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|The Bucket List|
|R E V I E W B Y R I C H C L I N E||
dir Rob Reiner|
scr Justin Zackham
with Jack Nicholson, Morgan Freeman, Sean Hayes, Beverly Todd, Rob Morrow, Rowena King, Jennifer Defrancisco, Alfonso Freeman, Andrea Johnson, Serena Reeder, Christopher Stapleton, Roy Vongtama
release US 25.Dec.07, UK 15.Feb.08
07/US Warner 1h37
Go ahead, jump: Nicholson and Freeman
AND ROB REINER
Despite a somewhat simplistic view of life and performances that don't really stretch the cast, this Capraesque film is an engaging examination of two men looking back at their lives without pity or regret.
Carter (Freeman) has made a decent living as a mechanic, and has a lively family to show for it. Edward (Nicholson) has made a fortune through private hospitals, enjoying the bachelor life but estranged from his only child. Both men are struck by cancer before retirement, and the outlook isn't good. They meet in the hospital and strike up an unlikely friendship, agreeing to face their final months head-on and making a list of things to do before kicking the bucket. So they head out on an around-the-world adventure together.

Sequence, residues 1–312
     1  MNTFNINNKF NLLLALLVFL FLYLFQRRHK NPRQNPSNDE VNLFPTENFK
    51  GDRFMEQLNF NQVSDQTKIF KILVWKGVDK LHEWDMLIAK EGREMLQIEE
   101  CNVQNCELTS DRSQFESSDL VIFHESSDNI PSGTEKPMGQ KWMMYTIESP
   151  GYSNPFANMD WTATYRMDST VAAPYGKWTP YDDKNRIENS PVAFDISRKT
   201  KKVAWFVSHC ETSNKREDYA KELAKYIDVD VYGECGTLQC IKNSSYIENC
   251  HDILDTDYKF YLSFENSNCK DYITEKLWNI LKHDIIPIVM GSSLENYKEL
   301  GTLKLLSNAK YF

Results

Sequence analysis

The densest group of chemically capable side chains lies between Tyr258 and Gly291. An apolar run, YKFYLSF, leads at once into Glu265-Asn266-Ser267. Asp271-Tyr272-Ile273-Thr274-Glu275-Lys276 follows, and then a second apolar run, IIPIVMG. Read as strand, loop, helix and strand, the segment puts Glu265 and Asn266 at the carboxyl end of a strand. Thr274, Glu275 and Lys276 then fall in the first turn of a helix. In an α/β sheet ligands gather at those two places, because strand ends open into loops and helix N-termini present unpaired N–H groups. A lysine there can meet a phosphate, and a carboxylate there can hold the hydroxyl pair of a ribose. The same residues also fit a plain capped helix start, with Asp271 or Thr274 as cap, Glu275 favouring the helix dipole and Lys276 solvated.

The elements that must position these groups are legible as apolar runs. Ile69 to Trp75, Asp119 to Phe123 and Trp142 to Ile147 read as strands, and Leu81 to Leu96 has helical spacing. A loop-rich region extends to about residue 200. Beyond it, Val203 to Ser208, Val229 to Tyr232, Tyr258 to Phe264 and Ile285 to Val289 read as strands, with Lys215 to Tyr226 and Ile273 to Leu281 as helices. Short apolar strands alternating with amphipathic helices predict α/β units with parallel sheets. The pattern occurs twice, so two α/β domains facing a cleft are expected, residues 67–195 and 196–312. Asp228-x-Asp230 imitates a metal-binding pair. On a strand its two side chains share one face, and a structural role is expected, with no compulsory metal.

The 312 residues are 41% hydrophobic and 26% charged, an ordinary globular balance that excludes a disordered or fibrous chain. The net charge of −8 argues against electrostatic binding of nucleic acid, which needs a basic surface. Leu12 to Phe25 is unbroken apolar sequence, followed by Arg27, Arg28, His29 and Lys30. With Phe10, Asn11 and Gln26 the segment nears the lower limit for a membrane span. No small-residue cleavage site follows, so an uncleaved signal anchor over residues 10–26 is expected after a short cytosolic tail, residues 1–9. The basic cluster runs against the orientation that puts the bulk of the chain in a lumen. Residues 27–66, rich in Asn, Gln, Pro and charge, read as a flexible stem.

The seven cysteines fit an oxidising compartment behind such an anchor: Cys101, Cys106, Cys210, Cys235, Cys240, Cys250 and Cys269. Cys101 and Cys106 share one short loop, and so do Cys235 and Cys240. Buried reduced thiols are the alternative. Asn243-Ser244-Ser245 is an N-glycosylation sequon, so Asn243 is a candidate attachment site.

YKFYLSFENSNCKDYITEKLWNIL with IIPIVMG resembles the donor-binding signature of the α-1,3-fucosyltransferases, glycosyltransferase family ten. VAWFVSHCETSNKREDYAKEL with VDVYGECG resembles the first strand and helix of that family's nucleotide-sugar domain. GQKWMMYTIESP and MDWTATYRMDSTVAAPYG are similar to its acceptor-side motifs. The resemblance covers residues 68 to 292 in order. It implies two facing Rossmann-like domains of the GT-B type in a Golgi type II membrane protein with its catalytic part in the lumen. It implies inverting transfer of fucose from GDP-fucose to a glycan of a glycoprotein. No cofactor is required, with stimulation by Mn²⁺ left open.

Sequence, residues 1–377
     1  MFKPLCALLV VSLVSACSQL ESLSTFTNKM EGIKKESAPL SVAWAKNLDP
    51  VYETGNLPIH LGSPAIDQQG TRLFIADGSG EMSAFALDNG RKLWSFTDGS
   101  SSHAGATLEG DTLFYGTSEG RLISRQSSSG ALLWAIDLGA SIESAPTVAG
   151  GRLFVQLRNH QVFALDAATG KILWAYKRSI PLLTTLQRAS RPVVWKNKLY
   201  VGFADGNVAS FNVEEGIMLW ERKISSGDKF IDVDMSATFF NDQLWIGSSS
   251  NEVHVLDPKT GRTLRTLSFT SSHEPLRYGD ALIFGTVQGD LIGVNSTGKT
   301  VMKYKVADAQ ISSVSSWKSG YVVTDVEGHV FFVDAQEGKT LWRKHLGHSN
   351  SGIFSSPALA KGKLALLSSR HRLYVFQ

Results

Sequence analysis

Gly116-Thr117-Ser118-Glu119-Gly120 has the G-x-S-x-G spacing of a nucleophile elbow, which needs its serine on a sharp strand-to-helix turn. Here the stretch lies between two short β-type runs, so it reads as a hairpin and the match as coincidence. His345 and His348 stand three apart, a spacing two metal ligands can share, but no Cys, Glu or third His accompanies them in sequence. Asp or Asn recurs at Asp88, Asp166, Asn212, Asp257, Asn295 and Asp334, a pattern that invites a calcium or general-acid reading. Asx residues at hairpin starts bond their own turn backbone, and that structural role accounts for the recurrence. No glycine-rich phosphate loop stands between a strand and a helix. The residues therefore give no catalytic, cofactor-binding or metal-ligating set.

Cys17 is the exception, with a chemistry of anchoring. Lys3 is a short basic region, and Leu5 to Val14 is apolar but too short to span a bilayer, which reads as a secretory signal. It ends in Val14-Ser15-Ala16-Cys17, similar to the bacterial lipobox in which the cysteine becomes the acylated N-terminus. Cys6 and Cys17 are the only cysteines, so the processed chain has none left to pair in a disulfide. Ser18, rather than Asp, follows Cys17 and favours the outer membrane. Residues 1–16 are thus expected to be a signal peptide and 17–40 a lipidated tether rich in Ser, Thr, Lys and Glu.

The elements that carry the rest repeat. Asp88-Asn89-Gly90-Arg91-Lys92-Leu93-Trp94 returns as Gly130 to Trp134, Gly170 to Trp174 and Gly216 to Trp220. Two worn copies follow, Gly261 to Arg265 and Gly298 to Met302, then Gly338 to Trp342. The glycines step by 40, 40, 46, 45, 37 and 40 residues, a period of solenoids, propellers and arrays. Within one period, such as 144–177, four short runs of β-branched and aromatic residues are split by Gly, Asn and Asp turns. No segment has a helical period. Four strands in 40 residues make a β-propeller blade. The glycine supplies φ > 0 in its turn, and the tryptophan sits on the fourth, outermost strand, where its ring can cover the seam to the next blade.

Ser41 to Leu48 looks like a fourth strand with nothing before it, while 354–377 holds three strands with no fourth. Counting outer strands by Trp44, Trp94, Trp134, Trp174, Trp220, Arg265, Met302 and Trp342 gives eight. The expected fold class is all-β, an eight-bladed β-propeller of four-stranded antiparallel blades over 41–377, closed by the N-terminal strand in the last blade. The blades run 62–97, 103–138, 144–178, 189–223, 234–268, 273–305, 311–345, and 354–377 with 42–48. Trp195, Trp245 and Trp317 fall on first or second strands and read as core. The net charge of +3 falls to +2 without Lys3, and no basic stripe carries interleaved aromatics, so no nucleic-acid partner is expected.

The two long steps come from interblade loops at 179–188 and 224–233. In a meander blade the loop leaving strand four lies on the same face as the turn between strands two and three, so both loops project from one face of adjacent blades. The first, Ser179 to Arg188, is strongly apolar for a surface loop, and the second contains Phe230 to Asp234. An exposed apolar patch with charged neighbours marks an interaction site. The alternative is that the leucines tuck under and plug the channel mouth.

If you're going to be in this kid of situation, it helps that one of you is a billionaire with a private jet and an efficient personal assistant (Hayes) to plan every luxurious detail. These kinds of fabulous contrivances mean the film can never be more than a fable, but Reiner nicely balances the light comedy and serious drama, so we go with it. And along the way, there are a few meaningfully intense scenes between the characters, most notably Carter and his wife (Todd).
There's also terrific chemistry between Freeman and Nicholson as two spirited men from opposite sides of the tracks who actually have rather a lot in common. Both do what they do best here, and their journey together is both audacious and thoughtful. Their travelogues scenes have a Hope-Crosby cheesiness, from the Riviera to the Himalayas by way of an African safari, the Egyptian pyramids, the Taj Mahal and the Great Wall.
Besides an early bout of skydiving, this isn't a particularly adventurous adventure, sticking to the obvious tourist spots. But never mind, the more interesting journey is the internal one, and Reiner is much better at directing scenes that give Freeman and Nicholson a chance to dig into their characters to find the dark corners, doubts and bitterness. The final message is somewhat basic (about giving and receiving joy), but as a whole, the film is charming and even moving.
|Olie, UK: "Utterly unwatchable, trite, possibly the most vomit inducing film ever made. Well-made, with fine acting - but for no reason at all - it has no imagination, no depth, no characters, no honesty, nothing - it is a vapid predictable horror - written in a few days by a cretin with nothing else to do. Do not ever watch this film - you have only a limited number of minutes in this life, do not waste them here. If you do watch it then I suppose the slightest of slight single gag relationship between Nicholson and his gimp might stop you setting fire to the dvd/cinema." (2.Feb.08)|
© 2007 by Rich Cline, Shadows on the Wall
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